Sunderland Echo - - Front Page - By Kevin Clark [email protected]­me­ Twit­ter: @kevinclarkjp

A univer­sity stu­dent who de­fied a crip­plingly painful brain con­di­tion to com­plete her stud­ies has achieved her grad­u­a­tion dream.

Al­i­son Stiles John­son had just started her MSc Tourism and Events at the Univer­sity of Sun­der­land when she re­ceived the life-chang­ing news.

A sec­tion of the 44-yearold’s brain was push­ing down on her spinal canal, caus­ing her hor­rific pain.

But de­spite that pain, she beat the odds to com­plete her Masters, and grad­u­ate dur­ing the win­ter Aca­demic Awards at the Sta­dium of Light.

The for­mer nurs­ery nurse first started feel­ing ill dur­ing the au­tumn of 2016, a few days after hav­ing a flu jab: “At first I thought it was a re­ac­tion to the in­jec­tion but then it be­came ob­vi­ous some­thing wasn’t right,” she said.

“It was like some­one had switched a pres­sure switch be­hind my right eye. I went and got my eyes checked out and they said there was noth­ing wrong.

“Then I started hav­ing prob­lems with my speech and seemed to be hav­ing stroke-like symp­toms with lots of headaches.”

For the next few weeks, Al­i­son spent her time go­ing from doc­tor to doc­tor, dropin cen­tres to med­i­cal wards, with­out suc­cess. Even­tu­ally, in Novem­ber 2016, she got to see a neu­rol­o­gist at Sun­der­land Royal Hos­pi­tal.

“I thought I had a tu­mour but they said they would send me for an MRI scan to see ex­actly what the prob­lem was,” she said.

Al­i­son, from Sun­der­land, un­der­went the scan just a few weeks be­fore Christ­mas. Then, dur­ing the hol­i­day pe­riod, part­ner Michael, 38, asked her to marry him.

“Three days later I got a let­ter from the hos­pi­tal telling me I was suf­fer­ing from Chiari Mal­for­ma­tion, a con­di­tion where the lower part of the brain pushes down into the spinal canal,” said Al­i­son.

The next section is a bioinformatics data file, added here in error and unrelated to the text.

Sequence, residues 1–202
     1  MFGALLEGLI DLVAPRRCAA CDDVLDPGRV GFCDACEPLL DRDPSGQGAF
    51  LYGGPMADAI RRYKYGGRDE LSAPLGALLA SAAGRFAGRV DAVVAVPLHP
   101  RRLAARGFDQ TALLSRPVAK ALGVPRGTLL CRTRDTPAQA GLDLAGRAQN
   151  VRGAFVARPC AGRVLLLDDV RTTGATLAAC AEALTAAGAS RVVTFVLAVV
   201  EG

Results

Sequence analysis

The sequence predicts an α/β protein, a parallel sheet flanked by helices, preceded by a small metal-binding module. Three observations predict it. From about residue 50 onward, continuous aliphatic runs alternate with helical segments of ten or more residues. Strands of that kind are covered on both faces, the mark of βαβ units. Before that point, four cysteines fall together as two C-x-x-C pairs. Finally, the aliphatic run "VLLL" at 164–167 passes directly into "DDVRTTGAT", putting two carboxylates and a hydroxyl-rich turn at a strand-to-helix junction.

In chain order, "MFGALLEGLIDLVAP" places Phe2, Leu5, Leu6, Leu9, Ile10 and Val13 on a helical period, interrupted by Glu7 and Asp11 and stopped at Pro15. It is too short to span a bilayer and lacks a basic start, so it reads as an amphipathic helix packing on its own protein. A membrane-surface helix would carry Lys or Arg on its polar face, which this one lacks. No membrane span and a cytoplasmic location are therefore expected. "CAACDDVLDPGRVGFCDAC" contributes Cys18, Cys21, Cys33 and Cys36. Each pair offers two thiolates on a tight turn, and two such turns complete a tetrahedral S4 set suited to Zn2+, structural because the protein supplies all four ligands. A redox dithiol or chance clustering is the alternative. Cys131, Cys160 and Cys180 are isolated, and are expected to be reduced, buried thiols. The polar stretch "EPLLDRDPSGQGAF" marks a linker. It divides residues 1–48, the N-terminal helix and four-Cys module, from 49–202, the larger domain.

“The let­ter said I was be­ing re­ferred to a neu­ro­sur­geon but that was about it, It didn’t tell me any- thing about the con­di­tion, there were no de­tails.”

Al­i­son Googled her di­ag­no­sis in the hope of bet­ter un­der­stand­ing ex­actly what was wrong: “Of course, I looked up the worst case sce­nario and started pan­ick­ing,” she re­called.

“I knew the fact I’d been re­ferred to a neu­ro­sur­geon was not good. My par­ents were try­ing to calm me down while all this was go­ing on.

“It was around this time I was due to go to New York with the univer­sity as part of my MSc in Tourism and Events.

“I had no idea if I’d be able to fly due to the po­ten­tial pres­sure build-up in­side my head. But I’d paid my money and noth­ing was go­ing to stop me from go­ing.”

Al­i­son un­der­went a con­sul­ta­tion at New­cas­tle’s Royal Vic­to­ria In­fir­mary, where her surgery was due to take place.

“To be hon­est, I didn’t take much in,” she said. “I just re­mem­ber them say­ing that part of my brain was like a cork in my spine that needed to be pulled out.”

On March 13 2017, Al­i­son un­der­went her op­er­a­tion, in which sur­geons re­moved a sec­tion of her skull, go­ing through mus­cle be­fore help­ing ‘un­cork’ the trapped area.

“I was in hos­pi­tal for five days be­fore un­der­go­ing a three-month pe­riod of re­cu­per­a­tion at home,” she said.

The op­er­a­tion may have been a suc­cess, but Al­i­son is far from free of the con­di­tion. It is some­thing she has to man­age on a day-to-day ba­sis, us­ing pain-numb­ing med­i­ca­tion.

“I just have to get on with it. I’m go­ing to pain man­age­ment and see­ing what can be done to sta­bilise it. From dayto-day I have to cope with a lot of pres­sure be­hind my eyes, numb­ness in my arms and legs, pres­sure build-up on my neck and swelling of my eye­lids.”

Dur­ing this time, Al­i­son’s stud­ies were put on hold. She had man­aged to com­plete the first mod­ule of her MA but her ill­ness meant she would have to take time out and she was grate­ful for the help she re­ceived from the univer­sity.

“I couldn’t fault them, they were re­ally sup­port­ive and I al­ways knew I’d be able to go back and com­plete the MSc,” she said.

“My con­di­tion means I look fine, so I get a lot of peo­ple say­ing they’re glad I’m over the ill­ness, when the re­al­ity is I just have to live with it.”

Al­i­son and Michael did man­age to get mar­ried in June this year, in front of both sets of par­ents, fam­ily, and friends in Sor­rento, Italy.

“I’m go­ing to pain man­age­ment and see­ing what can be done to sta­bilise it”


Al­i­son Stiles John­son on her grad­u­a­tion day and, in­set, after the op­er­a­tion.

Michael and Al­i­son

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